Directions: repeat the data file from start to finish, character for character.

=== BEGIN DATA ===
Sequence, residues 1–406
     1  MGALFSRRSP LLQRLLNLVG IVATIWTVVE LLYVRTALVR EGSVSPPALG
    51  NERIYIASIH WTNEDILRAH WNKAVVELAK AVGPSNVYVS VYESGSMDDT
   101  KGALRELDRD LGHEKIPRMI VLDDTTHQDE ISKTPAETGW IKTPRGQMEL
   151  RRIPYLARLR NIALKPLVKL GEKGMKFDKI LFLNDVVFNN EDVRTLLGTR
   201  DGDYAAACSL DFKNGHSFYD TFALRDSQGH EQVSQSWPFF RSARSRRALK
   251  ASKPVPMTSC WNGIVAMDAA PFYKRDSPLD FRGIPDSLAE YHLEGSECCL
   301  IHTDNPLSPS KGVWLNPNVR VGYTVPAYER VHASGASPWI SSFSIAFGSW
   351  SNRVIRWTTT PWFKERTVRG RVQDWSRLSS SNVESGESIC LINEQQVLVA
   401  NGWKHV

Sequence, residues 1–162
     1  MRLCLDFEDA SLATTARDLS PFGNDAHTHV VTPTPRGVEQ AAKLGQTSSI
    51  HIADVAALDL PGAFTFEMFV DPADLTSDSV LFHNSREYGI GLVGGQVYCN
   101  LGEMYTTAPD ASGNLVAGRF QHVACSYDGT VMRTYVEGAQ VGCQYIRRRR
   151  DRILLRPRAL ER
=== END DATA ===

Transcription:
Sequence, residues 1–406
     1  MGALFSRRSP LLQRLLNLVG IVATIWTVVE LLYVRTALVR EGSVSPPALG
    51  NERIYIASIH WTNEDILRAH WNKAVVELAK AVGPSNVYVS VYESGSMDDT
   101  KGALRELDRD LGHEKIPRMI VLDDTTHQDE ISKTPAETGW IKTPRGQMEL
   151  RRIPYLARLR NIALKPLVKL GEKGMKFDKI LFLNDVVFNN EDVRTLLGTR
   201  DGDYAAACSL DFKNGHSFYD TFALRDSQGH EQVSQSWPFF RSARSRRALK
   251  ASKPVPMTSC WNGIVAMDAA PFYKRDSPLD FRGIPDSLAE YHLEGSECCL
   301  IHTDNPLSPS KGVWLNPNVR VGYTVPAYER VHASGASPWI SSFSIAFGSW
   351  SNRVIRWTTT PWFKERTVRG RVQDWSRLSS SNVESGESIC LINEQQVLVA
   401  NGWKHV

Sequence, residues 1–162
     1  MRLCLDFEDA SLATTARDLS PFGNDAHTHV VTPTPRGVEQ AAKLGQTSSI
    51  HIADVAALDL PGAFTFEMFV DPADLTSDSV LFHNSREYGI GLVGGQVYCN
   101  LGEMYTTAPD ASGNLVAGRF QHVACSYDGT VMRTYVEGAQ VGCQYIRRRR
   151  DRILLRPRAL ER